Biden Limits Tech Investments in China, Beijing Objects
President Joe Biden of the US signed an executive order on Wednesday to limit certain American investments in critical high-tech sectors in China; this was denounced as “anti-globalization” by Beijing.
As part of Washington’s effort to restrict access to important technology, the long-awaited regulations, which are slated to be adopted next year, target industries including semiconductors and artificial intelligence.
In a letter to Congressional leaders announcing the executive order, Biden stated that “the commitment of the United States to open investment is a cornerstone of our economic policy and provides the United States with substantial benefits.”
Although some US expenditures “may accelerate and increase the success of the development of sensitive technologies and products in countries that develop them to counter US and allied capabilities.”
According to the Treasury Department, the initiative will forbid new private equity, venture capital, and joint venture investments in sophisticated semiconductors and some quantum information technologies in China.
Under the condition of anonymity, a senior government source stated, “The outbound investment programme will fill a critical gap in the United States’ national security toolkit.”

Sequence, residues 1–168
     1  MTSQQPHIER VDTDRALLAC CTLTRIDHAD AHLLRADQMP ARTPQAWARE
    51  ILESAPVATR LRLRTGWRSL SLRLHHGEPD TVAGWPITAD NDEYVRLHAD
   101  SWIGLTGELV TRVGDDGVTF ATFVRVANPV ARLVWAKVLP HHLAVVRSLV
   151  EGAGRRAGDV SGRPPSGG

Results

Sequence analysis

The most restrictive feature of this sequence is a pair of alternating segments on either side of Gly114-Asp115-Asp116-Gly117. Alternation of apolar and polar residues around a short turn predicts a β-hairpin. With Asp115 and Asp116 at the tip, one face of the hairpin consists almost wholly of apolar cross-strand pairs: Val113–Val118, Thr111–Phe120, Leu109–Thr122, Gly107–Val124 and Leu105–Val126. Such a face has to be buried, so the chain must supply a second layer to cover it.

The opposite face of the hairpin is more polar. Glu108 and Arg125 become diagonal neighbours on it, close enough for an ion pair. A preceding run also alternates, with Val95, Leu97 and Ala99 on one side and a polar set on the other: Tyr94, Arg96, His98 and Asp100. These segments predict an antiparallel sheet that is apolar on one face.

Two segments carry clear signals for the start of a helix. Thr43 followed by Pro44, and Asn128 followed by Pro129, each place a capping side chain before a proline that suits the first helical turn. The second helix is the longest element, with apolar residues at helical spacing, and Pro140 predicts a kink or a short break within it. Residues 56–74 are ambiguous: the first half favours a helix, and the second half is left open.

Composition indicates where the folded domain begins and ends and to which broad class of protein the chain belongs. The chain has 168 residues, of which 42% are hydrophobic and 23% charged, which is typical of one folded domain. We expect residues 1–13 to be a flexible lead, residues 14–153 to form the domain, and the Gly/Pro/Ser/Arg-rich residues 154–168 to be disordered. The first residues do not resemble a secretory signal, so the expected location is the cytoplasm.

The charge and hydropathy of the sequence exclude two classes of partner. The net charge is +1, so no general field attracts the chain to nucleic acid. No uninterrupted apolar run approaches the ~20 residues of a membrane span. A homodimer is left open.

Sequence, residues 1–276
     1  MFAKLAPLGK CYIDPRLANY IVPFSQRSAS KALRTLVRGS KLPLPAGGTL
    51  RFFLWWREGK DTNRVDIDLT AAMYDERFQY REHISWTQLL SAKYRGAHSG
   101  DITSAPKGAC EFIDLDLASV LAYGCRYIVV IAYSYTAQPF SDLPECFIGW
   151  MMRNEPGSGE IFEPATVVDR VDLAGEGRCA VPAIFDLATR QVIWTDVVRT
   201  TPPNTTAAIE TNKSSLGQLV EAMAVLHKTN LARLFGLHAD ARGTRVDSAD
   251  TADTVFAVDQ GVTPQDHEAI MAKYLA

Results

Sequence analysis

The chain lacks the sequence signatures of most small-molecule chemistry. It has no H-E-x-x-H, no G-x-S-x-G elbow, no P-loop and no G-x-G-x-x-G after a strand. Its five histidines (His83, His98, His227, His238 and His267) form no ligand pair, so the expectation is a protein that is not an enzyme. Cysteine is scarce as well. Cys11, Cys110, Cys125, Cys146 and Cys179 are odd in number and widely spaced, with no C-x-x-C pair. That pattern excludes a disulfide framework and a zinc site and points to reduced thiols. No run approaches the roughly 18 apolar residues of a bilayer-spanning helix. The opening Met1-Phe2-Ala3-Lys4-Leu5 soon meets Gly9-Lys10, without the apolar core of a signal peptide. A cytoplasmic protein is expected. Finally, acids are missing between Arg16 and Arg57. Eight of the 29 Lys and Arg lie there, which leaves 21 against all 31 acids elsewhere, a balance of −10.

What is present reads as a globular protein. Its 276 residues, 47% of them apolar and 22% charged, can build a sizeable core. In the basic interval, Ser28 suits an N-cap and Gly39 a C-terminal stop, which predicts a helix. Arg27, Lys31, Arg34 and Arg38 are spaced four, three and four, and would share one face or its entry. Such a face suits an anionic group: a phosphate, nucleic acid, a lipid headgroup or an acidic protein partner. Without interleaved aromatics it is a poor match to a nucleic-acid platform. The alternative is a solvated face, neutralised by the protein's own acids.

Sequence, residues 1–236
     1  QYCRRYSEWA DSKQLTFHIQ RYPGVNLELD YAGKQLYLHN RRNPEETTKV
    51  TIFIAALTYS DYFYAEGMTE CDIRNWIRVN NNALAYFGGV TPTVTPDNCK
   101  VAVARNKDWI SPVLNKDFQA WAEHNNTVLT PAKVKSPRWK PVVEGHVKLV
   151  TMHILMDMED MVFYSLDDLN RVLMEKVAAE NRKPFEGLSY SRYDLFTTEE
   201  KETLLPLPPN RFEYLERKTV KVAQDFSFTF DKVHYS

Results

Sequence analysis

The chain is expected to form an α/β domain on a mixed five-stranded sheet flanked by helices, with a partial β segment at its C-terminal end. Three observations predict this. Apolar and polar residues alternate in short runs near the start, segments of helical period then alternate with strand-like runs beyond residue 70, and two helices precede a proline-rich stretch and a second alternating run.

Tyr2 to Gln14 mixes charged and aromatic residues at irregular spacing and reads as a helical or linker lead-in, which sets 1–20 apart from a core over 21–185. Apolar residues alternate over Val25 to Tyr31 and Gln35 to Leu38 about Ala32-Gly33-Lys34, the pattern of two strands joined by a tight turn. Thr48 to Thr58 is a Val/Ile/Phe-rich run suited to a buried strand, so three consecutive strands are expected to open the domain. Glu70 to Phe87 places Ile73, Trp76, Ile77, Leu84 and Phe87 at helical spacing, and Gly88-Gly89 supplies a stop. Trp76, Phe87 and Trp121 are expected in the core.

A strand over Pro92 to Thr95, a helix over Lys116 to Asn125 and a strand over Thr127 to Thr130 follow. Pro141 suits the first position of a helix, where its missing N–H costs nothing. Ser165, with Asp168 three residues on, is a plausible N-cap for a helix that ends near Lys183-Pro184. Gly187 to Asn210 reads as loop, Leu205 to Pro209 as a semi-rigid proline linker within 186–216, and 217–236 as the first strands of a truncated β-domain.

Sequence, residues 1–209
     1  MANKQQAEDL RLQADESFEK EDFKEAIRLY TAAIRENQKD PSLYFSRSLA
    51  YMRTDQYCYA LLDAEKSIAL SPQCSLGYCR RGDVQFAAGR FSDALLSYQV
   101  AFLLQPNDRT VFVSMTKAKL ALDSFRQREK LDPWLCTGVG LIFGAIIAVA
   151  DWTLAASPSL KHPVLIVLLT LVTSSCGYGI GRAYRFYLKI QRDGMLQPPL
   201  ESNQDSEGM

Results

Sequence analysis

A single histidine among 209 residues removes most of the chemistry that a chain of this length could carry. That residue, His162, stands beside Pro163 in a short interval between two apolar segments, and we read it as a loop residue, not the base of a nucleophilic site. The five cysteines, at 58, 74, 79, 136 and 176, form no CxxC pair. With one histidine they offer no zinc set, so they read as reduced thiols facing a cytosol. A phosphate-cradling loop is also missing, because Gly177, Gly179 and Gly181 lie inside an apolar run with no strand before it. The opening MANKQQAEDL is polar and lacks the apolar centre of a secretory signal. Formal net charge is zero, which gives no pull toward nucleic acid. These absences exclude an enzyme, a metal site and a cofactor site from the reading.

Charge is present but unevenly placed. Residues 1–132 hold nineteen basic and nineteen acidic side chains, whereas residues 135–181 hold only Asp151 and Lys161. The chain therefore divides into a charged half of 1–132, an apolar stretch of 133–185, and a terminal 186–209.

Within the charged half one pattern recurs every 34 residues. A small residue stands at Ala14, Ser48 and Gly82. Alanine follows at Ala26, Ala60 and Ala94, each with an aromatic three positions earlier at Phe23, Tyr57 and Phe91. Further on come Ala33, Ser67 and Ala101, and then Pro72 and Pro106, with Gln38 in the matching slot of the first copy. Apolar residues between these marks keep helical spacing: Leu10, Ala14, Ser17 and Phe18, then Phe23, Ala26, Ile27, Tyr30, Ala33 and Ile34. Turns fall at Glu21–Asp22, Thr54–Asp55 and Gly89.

What we’re discussing is a focused strategy designed to keep [China] from acquiring and utilising cutting-edge technology to accelerate military modernization and jeopardise US national security.
The Treasury is debating whether there should be a notice requirement for US investments in Chinese companies engaged in less sophisticated semiconductors and certain types of artificial intelligence.
The Treasury Department warned that China could take advantage of US investments to increase its capacity to develop sensitive technologies vital to military modernization.
However, it plans to provide an exception for some transfers from US parents to US subsidiaries and investments in publicly traded US securities.
The move was denounced by China’s foreign ministry as an effort to “engage in anti-globalization and de-sinicization,” and the ministry issued a dire warning that China would “resolutely safeguard its own rights and interests.”
Beijing “has lodged solemn representations with the United States” and “is strongly dissatisfied and opposes the United States’ insistence on introducing restrictions on investment in China,” the ministry said in a statement.